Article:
Being multilingual develops cognitive skills that are ideal for top managers.

Professor Antonella Sorace at the Universtiy of Edinburgh has done extensive research on the cognitive skills of multilingual people. Her research has shown that speaking (or reading) other languages offer not only effective communication advantages, but also have cognitive benefits. Her message to business is: “Hire more multilingual employees, because these employees can communicate better, have better intercultural sensitivity, are better at co-operating, negotiating, compromising. But they can also think more efficiently.”

What does that mean?

  • Bilingualism does not mean perfect, balanced fluency in two languages from birth. Bilinguals are people who know, and use regularly, more than one language.

Either speaking or reading more than one language is useful. I don’ speak my native Swedish or English every day, but I read a lot! Cognitive development is not limited to speaking. If you read a lot you will be able to develop your other language skills and your brains cognitive (thinking) facilities.

  • Early exposure to two languages does not disadvantage children and may bring benefits, such as flexible thinking. The cognitive benefits apply from childhood to old age.

My children speak four languages: Swedish, Hungarian, German and English from early age. Both are gifted in languages and capable of seamlessly switch from the one to the other. However, there are differences, more based on personality than intellect. My older daughter is quicker to speak and my younger reads a lot more. What both have in common though, is an obvious trait of being able to “think outside the box”.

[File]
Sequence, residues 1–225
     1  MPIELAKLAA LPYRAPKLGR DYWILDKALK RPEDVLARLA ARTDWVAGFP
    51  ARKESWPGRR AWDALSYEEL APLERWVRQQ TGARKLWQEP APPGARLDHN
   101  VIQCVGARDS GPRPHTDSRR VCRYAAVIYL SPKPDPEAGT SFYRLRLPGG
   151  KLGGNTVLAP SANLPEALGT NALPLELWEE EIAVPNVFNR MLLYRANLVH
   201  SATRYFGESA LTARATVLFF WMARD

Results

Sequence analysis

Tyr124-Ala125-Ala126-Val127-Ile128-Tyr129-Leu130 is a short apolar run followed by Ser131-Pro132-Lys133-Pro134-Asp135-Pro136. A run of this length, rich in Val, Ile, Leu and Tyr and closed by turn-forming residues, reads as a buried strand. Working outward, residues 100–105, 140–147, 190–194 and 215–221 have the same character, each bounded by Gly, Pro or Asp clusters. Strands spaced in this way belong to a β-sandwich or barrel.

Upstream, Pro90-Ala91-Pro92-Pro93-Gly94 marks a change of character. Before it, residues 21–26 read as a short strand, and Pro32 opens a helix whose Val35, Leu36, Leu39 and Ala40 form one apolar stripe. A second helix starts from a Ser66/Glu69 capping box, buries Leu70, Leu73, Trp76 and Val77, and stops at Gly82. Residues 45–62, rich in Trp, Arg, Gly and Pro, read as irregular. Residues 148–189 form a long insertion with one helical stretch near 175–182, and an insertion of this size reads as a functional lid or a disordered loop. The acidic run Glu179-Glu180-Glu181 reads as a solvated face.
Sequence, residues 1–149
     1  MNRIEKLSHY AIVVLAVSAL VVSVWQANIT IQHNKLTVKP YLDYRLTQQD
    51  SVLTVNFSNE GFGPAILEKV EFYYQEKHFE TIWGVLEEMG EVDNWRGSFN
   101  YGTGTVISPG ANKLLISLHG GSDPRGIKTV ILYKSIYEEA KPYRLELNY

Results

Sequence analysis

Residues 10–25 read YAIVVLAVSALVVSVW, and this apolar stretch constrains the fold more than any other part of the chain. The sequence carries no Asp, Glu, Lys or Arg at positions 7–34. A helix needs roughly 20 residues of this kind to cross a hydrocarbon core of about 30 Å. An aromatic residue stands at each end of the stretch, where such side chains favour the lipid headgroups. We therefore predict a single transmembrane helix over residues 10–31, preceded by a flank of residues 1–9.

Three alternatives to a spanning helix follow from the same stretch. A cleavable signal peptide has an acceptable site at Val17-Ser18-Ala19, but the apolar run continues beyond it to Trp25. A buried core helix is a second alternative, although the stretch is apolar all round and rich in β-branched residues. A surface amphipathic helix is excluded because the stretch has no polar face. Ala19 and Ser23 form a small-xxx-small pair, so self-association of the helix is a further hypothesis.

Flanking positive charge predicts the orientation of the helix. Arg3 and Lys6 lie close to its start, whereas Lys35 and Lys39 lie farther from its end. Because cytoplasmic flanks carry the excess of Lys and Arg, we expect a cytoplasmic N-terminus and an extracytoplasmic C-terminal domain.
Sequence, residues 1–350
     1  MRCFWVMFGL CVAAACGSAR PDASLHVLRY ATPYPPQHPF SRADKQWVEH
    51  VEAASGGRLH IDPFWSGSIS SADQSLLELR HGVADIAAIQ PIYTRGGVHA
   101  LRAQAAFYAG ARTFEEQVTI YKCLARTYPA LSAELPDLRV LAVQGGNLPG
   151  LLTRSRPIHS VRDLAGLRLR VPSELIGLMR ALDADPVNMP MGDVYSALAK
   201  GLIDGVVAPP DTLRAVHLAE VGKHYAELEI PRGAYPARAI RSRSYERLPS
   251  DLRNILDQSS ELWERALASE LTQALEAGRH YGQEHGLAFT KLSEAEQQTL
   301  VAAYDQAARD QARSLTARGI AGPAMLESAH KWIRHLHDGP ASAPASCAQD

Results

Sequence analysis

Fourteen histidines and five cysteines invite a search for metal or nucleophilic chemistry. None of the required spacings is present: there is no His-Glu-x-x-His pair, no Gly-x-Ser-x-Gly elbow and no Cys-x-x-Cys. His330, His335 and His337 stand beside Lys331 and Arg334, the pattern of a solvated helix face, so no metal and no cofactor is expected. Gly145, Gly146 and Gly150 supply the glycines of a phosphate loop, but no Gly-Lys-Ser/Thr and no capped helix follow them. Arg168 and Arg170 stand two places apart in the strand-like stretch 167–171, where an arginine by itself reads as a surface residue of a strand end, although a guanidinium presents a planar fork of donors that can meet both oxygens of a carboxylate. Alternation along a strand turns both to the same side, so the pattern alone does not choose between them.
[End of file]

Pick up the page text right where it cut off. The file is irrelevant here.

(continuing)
• No languages are “more useful” or “less useful”: what matters is having more than one language in the brain.

True. Swedish and Hungarian are not exactly the world’s most important languages. Still the beneficial effect to their minds is obvious.

  • Starting early is good for developing cognitive ability, but proficiency and number of languages matter more than age of first exposure to the second language.

By now, my older daughter also speaks French and Spanish. These two and her English, where added later and not at birth. Being able to speak a few languages obviously helps with getting ahead in any further language as well. Some people say it gets easier the more languages you add.

  • “Late” bilinguals who are proficient in their second language also have cognitive advantages.

Now that is a call for action for me. At 45 I qualify for “late” and I’ve been toying with the idea to learn Spanish for myself for a long time.

Using my BrainRead Method, I read a lot using speed reading myself. The idea for this Blog came from an article in the Financial Times which I read in English. Even if I don’t get to speak English today, being able to read in English every day furthers my skills and helps me not to “lose it”. I also try to follow Swedish media and do scan the headlines of Dagens Nyheter or other online papers almost daily, again a great advantage for my cognitive skills.

Reading – and especially Speed Reading – is a great tool for developing once language capabilities and cognitive skills together. As you read faster than you can speak your minds voice (Subvocalizing), you force yourself to conceptualize the written words into thoughts immediately, using your cognitive capabilities to the maximum. I would love to see Prof. Sorace do a study on Speed Reading in secondary or tertiary language and how that affects the mind!


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